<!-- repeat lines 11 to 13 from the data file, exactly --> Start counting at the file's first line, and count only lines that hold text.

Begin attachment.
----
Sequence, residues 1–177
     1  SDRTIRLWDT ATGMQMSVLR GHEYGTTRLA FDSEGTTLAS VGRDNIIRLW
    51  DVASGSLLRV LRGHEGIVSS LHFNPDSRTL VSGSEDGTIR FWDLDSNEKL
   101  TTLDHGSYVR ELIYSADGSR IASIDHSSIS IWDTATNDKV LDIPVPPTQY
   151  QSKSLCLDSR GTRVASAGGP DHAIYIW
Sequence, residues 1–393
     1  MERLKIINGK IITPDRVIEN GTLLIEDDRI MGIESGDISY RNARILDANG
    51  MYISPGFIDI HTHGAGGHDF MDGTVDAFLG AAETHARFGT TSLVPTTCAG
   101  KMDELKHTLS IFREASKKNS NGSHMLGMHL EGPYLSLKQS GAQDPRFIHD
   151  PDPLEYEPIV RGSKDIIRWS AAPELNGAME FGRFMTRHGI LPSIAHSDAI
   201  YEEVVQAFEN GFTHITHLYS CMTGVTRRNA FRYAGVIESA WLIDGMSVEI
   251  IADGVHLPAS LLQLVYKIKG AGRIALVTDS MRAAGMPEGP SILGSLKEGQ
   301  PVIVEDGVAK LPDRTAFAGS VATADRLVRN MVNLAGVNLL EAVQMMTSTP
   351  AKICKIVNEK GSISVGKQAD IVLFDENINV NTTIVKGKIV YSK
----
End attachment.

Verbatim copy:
   201  YEEVVQAFEN GFTHITHLYS CMTGVTRRNA FRYAGVIESA WLIDGMSVEI
   251  IADGVHLPAS LLQLVYKIKG AGRIALVTDS MRAAGMPEGP SILGSLKEGQ
   301  PVIVEDGVAK LPDRTAFAGS VATADRLVRN MVNLAGVNLL EAVQMMTSTP